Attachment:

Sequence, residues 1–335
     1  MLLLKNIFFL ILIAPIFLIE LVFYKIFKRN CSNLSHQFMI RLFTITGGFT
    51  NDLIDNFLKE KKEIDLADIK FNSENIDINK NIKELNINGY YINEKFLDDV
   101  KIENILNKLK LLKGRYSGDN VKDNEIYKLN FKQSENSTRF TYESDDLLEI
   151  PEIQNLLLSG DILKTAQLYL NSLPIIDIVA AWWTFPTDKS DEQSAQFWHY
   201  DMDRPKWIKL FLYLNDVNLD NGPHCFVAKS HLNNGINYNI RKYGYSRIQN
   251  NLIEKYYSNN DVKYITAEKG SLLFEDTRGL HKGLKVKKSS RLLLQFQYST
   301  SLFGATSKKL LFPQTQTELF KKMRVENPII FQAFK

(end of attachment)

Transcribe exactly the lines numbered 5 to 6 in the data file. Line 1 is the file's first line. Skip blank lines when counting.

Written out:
   151  PEIQNLLLSG DILKTAQLYL NSLPIIDIVA AWWTFPTDKS DEQSAQFWHY
   201  DMDRPKWIKL FLYLNDVNLD NGPHCFVAKS HLNNGINYNI RKYGYSRIQN